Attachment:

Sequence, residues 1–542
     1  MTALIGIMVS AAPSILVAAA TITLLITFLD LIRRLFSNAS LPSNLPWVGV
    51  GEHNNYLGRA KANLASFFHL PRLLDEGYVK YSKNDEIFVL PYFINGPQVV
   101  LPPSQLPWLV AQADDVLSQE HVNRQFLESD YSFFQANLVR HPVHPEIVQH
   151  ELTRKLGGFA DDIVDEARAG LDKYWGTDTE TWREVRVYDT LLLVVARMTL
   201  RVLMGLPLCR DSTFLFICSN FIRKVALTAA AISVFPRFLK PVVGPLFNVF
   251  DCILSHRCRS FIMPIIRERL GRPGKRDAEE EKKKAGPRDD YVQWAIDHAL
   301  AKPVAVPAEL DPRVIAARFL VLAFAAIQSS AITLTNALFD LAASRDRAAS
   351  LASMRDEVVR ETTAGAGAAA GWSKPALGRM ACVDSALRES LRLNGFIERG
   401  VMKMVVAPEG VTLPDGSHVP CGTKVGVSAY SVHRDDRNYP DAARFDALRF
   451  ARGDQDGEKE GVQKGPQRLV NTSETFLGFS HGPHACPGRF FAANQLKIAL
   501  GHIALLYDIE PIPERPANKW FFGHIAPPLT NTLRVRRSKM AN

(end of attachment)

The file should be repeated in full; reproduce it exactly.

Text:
Sequence, residues 1–542
     1  MTALIGIMVS AAPSILVAAA TITLLITFLD LIRRLFSNAS LPSNLPWVGV
    51  GEHNNYLGRA KANLASFFHL PRLLDEGYVK YSKNDEIFVL PYFINGPQVV
   101  LPPSQLPWLV AQADDVLSQE HVNRQFLESD YSFFQANLVR HPVHPEIVQH
   151  ELTRKLGGFA DDIVDEARAG LDKYWGTDTE TWREVRVYDT LLLVVARMTL
   201  RVLMGLPLCR DSTFLFICSN FIRKVALTAA AISVFPRFLK PVVGPLFNVF
   251  DCILSHRCRS FIMPIIRERL GRPGKRDAEE EKKKAGPRDD YVQWAIDHAL
   301  AKPVAVPAEL DPRVIAARFL VLAFAAIQSS AITLTNALFD LAASRDRAAS
   351  LASMRDEVVR ETTAGAGAAA GWSKPALGRM ACVDSALRES LRLNGFIERG
   401  VMKMVVAPEG VTLPDGSHVP CGTKVGVSAY SVHRDDRNYP DAARFDALRF
   451  ARGDQDGEKE GVQKGPQRLV NTSETFLGFS HGPHACPGRF FAANQLKIAL
   501  GHIALLYDIE PIPERPANKW FFGHIAPPLT NTLRVRRSKM AN